Colorectal cancer screening prevented about 33,000 cases of colorectal cancer and saved the lives of about 16,000 U.S. residents between 2003 and 2007, according to the Centers for Disease Control and Prevention (CDC). Despite the benefits of colorectal cancer screening, a report published last week shows that we remain well short of hitting the Healthy People 2020 target of 70.5 percent of U.S. adults ages 50–75 being up to date with colorectal cancer screening.
Screening reduces the incidence and mortality of colorectal cancer in two ways. First, by detecting these cancers at an early stage, when successful treatment is more likely, and second, by preventing them from developing in the first place. Screening can prevent colorectal cancer developing because precancerous polyps found through screening can be removed and thereby prevented from going on to become cancers.
The new CDC report provides data on colorectal cancer screening among U.S. adults ages 50–75 of different races and ethnicities, from 2000 to 2013. The good news is that during that period, the percentage of individuals in each group who were up to date with colorectal cancer screening increased dramatically. Non-Hispanic Asians ages 50–75 had the largest increase, with the percentage of those receiving screening more than doubling, from 20.6 percent in 2000 to 51.2 percent in 2013.
The bad news is that none of the groups was within 10 percentage points of the Healthy People 2020 target. Moreover, the fraction of people receiving screening within each group showed that substantial colorectal cancer screening disparities exist in the United States: 60.4 percent of non-Hispanic whites, 58.2 percent of non-Hispanic blacks, 51.2 percent of non-Hispanic Asians, and 41.5 percent of Hispanics ages 50–75 were up to date with screening.
Colorectal cancer health disparities are not just experienced by racial and ethnic minorities. A recent study published in the AACR journal Cancer Epidemiology, Biomarkers & Prevention, found three large geographic hot spots with excessive colorectal cancer death rates. In a press release, the lead author of the study, Rebecca Siegel, MPH, director of surveillance information at the American Cancer Society, said, “These areas are low-hanging fruit for colorectal cancer screening interventions.”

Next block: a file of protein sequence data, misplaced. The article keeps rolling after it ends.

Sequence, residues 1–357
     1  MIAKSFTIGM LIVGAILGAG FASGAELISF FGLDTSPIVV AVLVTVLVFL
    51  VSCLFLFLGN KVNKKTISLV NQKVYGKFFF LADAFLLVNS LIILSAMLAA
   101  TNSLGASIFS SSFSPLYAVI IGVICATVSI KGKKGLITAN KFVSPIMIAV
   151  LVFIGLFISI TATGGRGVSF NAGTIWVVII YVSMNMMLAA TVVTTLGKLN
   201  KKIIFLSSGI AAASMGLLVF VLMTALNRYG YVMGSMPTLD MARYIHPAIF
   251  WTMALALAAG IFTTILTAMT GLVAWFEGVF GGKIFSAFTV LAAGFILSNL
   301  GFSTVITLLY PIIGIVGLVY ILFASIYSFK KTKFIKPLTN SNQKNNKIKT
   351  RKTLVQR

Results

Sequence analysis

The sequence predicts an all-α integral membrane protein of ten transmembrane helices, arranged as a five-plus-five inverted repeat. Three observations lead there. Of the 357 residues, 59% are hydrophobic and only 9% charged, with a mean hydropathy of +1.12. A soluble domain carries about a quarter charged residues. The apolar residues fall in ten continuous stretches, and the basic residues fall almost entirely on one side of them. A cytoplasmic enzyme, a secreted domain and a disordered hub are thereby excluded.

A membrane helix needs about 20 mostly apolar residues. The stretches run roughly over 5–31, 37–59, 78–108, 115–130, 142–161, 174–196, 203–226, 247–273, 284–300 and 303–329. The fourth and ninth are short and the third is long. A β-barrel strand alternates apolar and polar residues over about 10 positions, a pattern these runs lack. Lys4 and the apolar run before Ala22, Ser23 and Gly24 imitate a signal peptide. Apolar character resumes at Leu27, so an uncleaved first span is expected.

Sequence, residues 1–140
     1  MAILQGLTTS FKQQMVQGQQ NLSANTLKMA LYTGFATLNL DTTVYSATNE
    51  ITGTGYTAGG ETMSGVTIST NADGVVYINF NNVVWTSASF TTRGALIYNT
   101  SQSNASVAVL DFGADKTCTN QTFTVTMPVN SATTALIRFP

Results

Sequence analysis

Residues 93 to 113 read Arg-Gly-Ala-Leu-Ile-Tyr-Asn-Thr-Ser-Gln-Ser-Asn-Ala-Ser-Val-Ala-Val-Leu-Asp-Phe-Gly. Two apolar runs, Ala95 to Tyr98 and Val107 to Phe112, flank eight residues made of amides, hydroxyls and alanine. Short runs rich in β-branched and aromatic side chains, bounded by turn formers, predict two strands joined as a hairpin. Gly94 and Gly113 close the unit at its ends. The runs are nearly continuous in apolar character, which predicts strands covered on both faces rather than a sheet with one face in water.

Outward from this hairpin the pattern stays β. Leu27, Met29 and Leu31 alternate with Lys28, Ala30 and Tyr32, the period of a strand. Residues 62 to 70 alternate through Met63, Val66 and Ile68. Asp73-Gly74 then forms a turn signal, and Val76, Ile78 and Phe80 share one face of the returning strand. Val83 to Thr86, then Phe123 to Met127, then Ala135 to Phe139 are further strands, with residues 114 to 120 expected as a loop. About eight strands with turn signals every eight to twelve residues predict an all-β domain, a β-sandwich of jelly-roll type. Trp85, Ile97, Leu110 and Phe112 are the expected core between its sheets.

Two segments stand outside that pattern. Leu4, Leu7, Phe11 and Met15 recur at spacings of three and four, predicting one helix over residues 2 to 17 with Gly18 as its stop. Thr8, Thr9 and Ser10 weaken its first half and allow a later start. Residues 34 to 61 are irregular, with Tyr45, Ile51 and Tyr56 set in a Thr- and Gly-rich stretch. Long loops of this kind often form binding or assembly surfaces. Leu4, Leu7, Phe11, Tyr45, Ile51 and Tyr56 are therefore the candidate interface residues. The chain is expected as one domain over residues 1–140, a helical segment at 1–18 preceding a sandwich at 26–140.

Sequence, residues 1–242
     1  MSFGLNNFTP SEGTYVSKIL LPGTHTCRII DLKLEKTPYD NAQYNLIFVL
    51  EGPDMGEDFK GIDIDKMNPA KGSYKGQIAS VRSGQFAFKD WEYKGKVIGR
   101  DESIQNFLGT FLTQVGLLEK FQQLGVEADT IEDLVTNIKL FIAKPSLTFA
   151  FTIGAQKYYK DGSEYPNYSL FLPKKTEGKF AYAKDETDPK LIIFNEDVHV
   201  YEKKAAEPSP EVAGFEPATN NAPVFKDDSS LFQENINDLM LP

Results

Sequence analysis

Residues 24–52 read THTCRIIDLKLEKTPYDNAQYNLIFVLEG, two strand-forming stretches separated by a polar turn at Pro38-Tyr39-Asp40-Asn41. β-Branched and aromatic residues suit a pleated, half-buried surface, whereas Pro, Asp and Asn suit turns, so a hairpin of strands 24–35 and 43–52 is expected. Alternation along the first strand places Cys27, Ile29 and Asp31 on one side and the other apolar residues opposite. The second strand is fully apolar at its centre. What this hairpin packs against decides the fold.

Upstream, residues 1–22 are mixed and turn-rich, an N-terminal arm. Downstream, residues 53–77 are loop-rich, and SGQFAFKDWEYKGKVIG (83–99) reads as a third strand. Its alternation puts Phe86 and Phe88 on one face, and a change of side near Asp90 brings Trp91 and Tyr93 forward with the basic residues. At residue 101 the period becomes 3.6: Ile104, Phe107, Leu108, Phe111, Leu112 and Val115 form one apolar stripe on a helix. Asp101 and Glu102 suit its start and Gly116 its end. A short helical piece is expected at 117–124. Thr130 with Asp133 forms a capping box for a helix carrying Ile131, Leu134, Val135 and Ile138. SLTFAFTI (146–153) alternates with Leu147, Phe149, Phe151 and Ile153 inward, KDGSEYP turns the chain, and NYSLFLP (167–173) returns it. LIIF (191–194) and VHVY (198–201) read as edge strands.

As Seigel noted, “Targeted interventions, like using people within the community to talk to their neighbors about screening, are likely to be effective. We know interventions work because we have an example in Delaware, where they implemented statewide colorectal cancer screening and effectively eliminated disparities in less than a decade.”
Together, these data show the need for a concerted effort to increase use of colorectal cancer screening among all U.S. adults ages 50–75, with a special emphasis on individuals who are at highest risk for not being up to date for screening.
This topic will be just one area of cancer health disparities discussed by experts in the field when they gather in Atlanta, Georgia, for the Eighth AACR Conference on the Science of Cancer Health Disparities in Racial/Ethnic Minorities and the Medically Underserved. Advance registration for this scientific conference, which will be held Nov. 13–16, is available until Tuesday, Sept. 29.
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